When I was in grade school in the 1960s, we learned the basics about the dimensions. It must have been math class. For a string of years there, every math teacher I had used an overhead projector with water-soluble colored pens as a pedagogical aid. A one-dimensional thing was a line, such as the x axis on a graph. A two-dimensional thing had height and width, but no depth, such as a sinusoidal curve drawn on an x/y graph. A sheet of paper was, for all practical purposes, two-dimensional, even though you could add a z-axis to your graph to create a sense of depth. A three-dimensional space, such as a classroom, had height, width, and depth. The fourth dimension, which always seemed a little suspect to us, was time. The fifth dimension, of course, was a musical group. It was the Age of Aquarius.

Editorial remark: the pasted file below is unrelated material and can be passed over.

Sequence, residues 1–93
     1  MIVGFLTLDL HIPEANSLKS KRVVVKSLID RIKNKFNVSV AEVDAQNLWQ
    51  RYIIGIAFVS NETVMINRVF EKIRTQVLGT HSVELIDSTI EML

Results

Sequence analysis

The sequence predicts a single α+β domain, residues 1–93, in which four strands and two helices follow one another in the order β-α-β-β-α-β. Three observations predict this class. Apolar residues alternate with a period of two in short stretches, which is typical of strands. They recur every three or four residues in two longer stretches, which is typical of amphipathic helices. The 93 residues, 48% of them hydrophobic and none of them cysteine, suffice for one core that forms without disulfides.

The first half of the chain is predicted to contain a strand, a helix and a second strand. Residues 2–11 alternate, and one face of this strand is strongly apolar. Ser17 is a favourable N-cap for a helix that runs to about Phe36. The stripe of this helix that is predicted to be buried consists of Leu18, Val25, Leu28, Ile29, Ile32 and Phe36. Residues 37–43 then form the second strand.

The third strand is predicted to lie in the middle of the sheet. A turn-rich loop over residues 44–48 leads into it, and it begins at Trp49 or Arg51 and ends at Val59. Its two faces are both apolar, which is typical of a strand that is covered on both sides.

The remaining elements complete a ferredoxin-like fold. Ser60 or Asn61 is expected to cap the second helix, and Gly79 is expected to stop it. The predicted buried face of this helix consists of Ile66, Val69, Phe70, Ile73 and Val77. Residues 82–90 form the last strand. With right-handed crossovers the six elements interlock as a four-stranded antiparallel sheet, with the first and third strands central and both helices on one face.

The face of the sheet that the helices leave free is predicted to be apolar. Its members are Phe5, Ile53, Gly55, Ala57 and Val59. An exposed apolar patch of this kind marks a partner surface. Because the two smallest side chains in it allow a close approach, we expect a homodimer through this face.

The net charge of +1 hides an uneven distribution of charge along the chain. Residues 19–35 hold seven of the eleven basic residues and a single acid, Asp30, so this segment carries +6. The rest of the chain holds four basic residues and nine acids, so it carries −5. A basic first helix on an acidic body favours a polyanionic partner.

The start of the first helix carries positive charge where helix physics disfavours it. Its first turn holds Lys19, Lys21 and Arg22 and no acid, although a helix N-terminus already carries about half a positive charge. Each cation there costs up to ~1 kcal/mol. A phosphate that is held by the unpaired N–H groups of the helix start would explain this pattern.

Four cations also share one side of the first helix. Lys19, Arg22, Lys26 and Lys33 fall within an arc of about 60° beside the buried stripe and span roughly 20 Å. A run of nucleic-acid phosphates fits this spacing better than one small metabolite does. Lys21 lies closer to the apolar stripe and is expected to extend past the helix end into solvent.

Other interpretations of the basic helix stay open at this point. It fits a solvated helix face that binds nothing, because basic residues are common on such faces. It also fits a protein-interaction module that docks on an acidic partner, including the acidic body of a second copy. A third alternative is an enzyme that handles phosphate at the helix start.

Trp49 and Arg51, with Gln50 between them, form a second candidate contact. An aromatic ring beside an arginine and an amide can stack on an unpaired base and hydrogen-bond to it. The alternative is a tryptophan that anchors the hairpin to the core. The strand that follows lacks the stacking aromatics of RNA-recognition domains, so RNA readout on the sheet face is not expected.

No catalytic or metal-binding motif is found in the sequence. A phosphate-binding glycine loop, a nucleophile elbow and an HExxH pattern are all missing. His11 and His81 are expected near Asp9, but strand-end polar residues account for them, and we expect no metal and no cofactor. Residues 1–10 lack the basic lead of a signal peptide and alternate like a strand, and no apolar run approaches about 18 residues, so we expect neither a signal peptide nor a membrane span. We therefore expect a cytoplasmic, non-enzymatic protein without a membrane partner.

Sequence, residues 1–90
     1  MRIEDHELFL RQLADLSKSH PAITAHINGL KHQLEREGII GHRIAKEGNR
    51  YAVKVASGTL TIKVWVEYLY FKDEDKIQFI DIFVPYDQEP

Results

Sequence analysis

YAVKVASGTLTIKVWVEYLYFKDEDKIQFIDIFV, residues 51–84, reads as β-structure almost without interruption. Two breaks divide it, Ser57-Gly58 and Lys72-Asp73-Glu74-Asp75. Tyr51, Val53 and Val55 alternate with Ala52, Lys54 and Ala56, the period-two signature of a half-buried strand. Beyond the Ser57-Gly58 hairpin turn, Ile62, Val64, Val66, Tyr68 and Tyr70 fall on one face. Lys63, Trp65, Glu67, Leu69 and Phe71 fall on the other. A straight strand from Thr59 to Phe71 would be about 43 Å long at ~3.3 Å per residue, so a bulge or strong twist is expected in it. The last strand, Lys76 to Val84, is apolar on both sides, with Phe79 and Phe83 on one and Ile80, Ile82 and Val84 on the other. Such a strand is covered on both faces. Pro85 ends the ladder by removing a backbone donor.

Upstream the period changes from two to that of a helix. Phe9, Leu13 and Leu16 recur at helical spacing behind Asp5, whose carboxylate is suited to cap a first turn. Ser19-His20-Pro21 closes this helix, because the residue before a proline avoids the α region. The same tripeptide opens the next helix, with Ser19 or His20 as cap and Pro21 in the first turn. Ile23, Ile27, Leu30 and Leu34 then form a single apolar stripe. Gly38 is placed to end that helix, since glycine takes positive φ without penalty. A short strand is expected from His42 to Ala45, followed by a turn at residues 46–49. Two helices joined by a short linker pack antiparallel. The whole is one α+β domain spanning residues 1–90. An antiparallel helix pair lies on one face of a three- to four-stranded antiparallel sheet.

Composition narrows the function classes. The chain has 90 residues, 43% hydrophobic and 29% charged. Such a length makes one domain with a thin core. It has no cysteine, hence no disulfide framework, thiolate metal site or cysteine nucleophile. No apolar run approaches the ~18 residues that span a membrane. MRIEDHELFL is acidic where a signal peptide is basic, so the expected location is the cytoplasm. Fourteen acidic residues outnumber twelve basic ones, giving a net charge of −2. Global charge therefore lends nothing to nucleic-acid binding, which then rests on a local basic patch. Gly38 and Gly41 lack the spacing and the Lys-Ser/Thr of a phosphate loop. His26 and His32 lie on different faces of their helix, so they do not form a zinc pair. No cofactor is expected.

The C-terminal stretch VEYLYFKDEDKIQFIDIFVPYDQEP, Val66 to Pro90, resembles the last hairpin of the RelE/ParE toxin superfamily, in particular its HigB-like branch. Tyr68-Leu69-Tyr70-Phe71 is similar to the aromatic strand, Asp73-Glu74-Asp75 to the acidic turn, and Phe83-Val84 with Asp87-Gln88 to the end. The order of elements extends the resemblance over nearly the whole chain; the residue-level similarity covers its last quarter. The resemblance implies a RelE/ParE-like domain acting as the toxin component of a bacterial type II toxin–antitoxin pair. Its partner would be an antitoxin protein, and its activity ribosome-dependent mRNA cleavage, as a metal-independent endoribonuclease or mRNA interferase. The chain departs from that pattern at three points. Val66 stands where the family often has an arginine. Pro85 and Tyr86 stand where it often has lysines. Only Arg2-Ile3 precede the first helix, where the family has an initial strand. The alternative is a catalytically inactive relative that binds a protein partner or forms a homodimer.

Recently I have been experiencing and thinking about virtual worlds and how librarianship is evolving and might continue to evolve in light of these virtual worlds. There are scads of them out there: Second Life, Active Worlds, Lively, Whyville, and hundreds more. Some of these virtual worlds seem to be basically two-dimensional, like cloth figures on a felt board. Other virtual worlds seem to be essentially three-dimensional, similar to the real world. One day a new idea hit me: Dimensions may include fractions. There may be 2.3-dimension virtual worlds, or even 3.3-dimension virtual worlds. Let me explain. Read More »